Missing image
State of Qin
(small seal script, 220 BC)

By this time China's thousands of feudal fiefdoms had been reduced to just seven massive kingdoms, each one of them probably capable of matching any western nation at the time with ease. The two most powerful states were easily Qin and Chu. The latter, however, was at a disadvantage as it could not easily expand due to the buffers of strong neighbouring states. By contrast the Qin had easily managed to annex much weaker bordering states and although the Chu eventually overcame the state of Yue in the later fourth century the long campaign had seen it suffer several military reversals. Despite all this Chu remained a potential rival to the ever growing power of Qin.

The most immediate enemies facing the Qin were Zhao and Han both of which were no doubt strong, but never serious threats to the might of Qin with its vast and powerful armies. In addition there was still the shadow of the Zhou kings, still, in theory, rulers of China. In 256 BC this problem was finally ended when the king was deposed. This action sent a clear message to the other six kingdoms: the Qin intended to rule all of China.

The year 247 BC marks the beginning of the end of the Warring States period for it was in this year that a thirteen-year-old named Zheng was crowned as King of Qin. Seventeen years later Zheng began the final, epic struggle for supremacy with an all-out assault against the state of Han.

The colossal Qin army easily defeated Han and the Qin now turned towards Zhao, an empty husk ever since the devastation of its army at Chengping some thirty years prior. Zhao fell to the Qin in 228 BC, and soon after, Wei also succumbed. By this stage it looked highly likely that ultimate Qin victory grew near. However, nothing was certain. The ultimate enemy, the Chu endured.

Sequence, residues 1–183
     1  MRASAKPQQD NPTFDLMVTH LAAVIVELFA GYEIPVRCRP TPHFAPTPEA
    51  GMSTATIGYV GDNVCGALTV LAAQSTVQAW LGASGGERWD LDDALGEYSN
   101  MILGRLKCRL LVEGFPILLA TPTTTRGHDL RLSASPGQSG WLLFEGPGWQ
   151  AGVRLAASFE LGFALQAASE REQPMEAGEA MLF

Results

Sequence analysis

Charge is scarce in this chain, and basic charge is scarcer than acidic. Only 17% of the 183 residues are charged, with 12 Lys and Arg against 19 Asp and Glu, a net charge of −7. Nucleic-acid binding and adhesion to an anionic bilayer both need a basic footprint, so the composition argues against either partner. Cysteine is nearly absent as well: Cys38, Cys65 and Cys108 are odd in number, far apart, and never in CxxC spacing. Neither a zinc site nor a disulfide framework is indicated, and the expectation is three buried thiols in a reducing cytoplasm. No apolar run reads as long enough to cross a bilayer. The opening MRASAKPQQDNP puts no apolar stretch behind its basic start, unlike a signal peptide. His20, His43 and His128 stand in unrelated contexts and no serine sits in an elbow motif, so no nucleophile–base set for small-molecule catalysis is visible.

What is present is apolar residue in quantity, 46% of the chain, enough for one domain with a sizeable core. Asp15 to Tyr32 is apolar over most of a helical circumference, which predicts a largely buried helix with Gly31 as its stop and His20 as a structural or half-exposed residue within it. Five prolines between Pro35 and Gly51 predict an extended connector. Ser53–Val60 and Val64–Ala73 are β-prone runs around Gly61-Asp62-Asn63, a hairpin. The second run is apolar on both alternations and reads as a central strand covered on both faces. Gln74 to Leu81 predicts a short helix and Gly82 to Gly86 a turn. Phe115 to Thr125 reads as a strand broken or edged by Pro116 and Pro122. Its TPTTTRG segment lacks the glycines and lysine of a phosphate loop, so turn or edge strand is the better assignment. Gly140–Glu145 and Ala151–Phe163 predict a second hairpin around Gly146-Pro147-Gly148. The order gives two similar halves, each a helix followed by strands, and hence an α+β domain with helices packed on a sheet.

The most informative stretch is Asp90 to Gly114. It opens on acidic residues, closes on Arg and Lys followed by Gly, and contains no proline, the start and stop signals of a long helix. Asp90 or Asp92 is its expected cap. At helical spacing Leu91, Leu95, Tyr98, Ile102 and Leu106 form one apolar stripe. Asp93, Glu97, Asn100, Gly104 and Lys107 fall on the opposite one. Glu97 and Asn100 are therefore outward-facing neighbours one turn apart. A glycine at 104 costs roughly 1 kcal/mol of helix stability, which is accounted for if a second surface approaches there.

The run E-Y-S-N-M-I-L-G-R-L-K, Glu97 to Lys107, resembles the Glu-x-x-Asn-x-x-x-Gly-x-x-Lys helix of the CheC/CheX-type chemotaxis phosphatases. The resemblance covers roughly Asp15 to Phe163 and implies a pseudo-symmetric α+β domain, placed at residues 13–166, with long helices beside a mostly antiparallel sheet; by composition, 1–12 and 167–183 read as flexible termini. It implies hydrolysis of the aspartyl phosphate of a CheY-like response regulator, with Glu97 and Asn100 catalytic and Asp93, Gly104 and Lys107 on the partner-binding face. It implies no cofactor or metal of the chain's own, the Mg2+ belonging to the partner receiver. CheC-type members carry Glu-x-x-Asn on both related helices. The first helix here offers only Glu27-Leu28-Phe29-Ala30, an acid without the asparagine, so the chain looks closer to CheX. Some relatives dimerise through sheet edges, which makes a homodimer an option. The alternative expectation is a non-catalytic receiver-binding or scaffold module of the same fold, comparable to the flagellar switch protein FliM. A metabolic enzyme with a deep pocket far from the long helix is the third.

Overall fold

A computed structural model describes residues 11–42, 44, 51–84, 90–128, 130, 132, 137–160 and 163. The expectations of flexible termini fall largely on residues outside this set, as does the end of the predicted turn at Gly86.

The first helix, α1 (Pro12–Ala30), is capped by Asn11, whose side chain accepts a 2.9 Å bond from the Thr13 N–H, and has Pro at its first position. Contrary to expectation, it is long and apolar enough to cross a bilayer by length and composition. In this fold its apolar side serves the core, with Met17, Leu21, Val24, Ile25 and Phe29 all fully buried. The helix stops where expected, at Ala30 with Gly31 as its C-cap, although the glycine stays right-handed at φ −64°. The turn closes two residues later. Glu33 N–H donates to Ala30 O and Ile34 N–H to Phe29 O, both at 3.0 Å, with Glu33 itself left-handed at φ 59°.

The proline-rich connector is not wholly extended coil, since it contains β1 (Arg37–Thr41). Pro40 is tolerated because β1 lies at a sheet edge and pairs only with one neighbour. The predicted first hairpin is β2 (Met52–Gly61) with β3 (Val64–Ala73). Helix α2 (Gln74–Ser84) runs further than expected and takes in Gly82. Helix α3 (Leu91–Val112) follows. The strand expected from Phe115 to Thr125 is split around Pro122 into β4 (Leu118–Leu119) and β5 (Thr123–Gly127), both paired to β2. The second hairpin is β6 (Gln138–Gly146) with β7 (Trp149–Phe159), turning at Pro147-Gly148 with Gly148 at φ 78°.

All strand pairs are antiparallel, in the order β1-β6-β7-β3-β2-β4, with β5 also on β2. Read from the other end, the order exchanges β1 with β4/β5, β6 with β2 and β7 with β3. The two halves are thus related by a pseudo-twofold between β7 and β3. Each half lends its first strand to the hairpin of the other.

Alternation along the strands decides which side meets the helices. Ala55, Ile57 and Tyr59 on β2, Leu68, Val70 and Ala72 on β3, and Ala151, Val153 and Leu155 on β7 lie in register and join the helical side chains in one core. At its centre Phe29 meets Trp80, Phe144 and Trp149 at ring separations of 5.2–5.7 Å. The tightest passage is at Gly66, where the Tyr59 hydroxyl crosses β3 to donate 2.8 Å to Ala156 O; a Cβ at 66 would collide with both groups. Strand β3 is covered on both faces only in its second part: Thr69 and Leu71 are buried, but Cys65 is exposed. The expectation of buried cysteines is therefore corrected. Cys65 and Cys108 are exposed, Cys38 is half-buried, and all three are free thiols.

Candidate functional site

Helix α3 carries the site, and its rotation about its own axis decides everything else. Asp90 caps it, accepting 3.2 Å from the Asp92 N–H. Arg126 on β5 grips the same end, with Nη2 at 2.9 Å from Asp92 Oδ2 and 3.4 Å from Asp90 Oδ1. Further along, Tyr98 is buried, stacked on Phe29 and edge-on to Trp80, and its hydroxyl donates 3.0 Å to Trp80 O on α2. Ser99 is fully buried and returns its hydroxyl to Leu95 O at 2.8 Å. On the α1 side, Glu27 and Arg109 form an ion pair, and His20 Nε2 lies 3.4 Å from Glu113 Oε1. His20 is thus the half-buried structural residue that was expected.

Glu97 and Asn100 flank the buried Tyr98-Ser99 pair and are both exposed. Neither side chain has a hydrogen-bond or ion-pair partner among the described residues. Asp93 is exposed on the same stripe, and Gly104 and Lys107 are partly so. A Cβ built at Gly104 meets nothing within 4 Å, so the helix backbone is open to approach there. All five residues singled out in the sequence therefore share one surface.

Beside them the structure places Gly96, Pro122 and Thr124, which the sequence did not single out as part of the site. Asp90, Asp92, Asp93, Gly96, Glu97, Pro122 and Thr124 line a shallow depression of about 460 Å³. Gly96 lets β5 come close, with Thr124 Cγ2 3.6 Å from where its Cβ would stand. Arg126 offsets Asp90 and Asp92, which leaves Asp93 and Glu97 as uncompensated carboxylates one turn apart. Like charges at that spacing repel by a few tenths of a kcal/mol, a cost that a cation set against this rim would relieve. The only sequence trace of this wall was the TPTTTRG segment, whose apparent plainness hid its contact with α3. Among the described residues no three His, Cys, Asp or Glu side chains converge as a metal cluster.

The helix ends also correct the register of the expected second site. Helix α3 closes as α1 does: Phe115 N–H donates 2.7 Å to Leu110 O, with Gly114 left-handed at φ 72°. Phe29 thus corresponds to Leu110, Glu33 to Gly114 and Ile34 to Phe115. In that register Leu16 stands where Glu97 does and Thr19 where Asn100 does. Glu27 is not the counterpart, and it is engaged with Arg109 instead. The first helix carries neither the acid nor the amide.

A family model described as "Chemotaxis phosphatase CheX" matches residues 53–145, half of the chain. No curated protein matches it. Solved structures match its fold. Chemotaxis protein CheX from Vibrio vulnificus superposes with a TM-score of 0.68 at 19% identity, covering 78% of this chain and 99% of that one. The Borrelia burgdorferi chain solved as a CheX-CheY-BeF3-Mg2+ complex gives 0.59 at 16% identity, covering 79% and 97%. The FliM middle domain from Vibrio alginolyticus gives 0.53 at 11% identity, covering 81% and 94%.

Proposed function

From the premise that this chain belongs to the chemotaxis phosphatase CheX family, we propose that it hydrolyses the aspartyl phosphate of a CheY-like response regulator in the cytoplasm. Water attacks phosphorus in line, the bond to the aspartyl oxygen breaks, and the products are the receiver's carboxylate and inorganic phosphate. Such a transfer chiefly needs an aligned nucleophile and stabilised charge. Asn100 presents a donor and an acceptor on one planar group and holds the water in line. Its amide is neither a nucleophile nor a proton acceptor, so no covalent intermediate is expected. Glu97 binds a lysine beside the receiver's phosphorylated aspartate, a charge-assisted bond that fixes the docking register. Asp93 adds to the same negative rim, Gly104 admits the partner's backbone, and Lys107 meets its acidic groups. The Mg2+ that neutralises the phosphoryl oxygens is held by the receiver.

At this point the two largest armies in the history of the world up until the French Revolutionary Wars engaged in what was the battle for the throne of all China. In 223 BC, Qin ascendancy to the throne became innevitable - the Chu were conquered.

What followed was little more than a mopping-up operation - a campaign of a few months in Yan led to that state's annexation as well. Only Qi now remained, and realising its situation was utterly untenable, it surrendered without a fight. In 221 BC, one of the most important years in China's long history, King Zheng of Qin declared not only that he was the ruler of China, but that he would take the unprecedented title (apart from in the legends of the Yellow Emperor and other mythical figures) of Emperor of China. Indeed he changed his name to Shi Huangdi, First Emperor, and dictated that all subsequent rulers of his dynasty should do the same, numbering themselves for as many generations as the Qin ruled.


State of Qin(, ca. )
State of Qin
(bronzeware script, ca. 800 BC)


  1. Qin Zhong (秦仲), ruled 854-822: great-grandson of Feizi
  2. Duke Zhuang (莊公), ruled 822 BC - 778 BC: Ying Ye (也), son of Qin Zhong
  3. Duke Xiang (襄公), ruled 778 BC - 766 BC: son of Duke Zhuang
  4. Duke Wen (文公)
  5. Duke Ning (寧公)
  6. Duke Chu (武公)
  7. Duke De (德公)
  8. Duke Xuan (宣公)
  9. Duke Cheng (成公)
  10. Duke Mu (穆公)
  11. Duke Kang (康公) : Ying Ying (罃)
  12. Duke Gong (共公): Ying Dao (稻)
  13. Duke Huan (桓公): Ying Rong (榮)
  14. Duke Jing (景公): Ying Hou (後)
  15. Duke Ai (哀公)
  16. Duke Hui (惠公)
  17. Duke Dao (悼公)
  18. Duke Li (厲公): Ying Ci (刺)
  19. Duke Zao (躁公)
  20. Duke Huai (懷公)
  21. Duke Ling (靈公): Ying Su (肅)
  22. Duke Jian (簡公): Ying Daozi (悼子)
  23. Duke Hui II (惠公)
  24. Duke Chu (出公)
  25. Duke Xian (獻公): Ying Shiti (師隰)
  26. Duke Xiao
  27. King Huiwen (惠文王), ruled 338 BC - 311 BC, also known as King Hui (惠王): Ying Si (駟)
  28. King Wu (武王), ruled 311 BC - 307 BC: Ying Dang (蕩)
  29. King Zhaoxiang (昭襄王), ruled 307 BC - 250 BC, also known as King Zhao: Ying Ze (则) or Ying Ji (稷)
  30. King Xiaowen (孝文王), ruled 250 BC: Ying Zhu (柱)
  31. King Zhuangxiang (荘襄王), ruled 250 BC - 246 BC: Ying Zichu (子楚)
  32. Qin Shi Huang (秦始皇), ruled from 246 BC - 210 BC (as King of Qin (秦王) until 221 BC, as First Emperor (始皇帝) from 221 BC onwards): Ying Zheng (政)
  33. Qin Er Shi, ruled from 210 BC - 207 BC: Ying Huhai (胡亥)
  34. Ziying (子嬰), ruled from mid-October to the beginning of December 207 BC

fr:Qin (Etat) zh-cn:秦国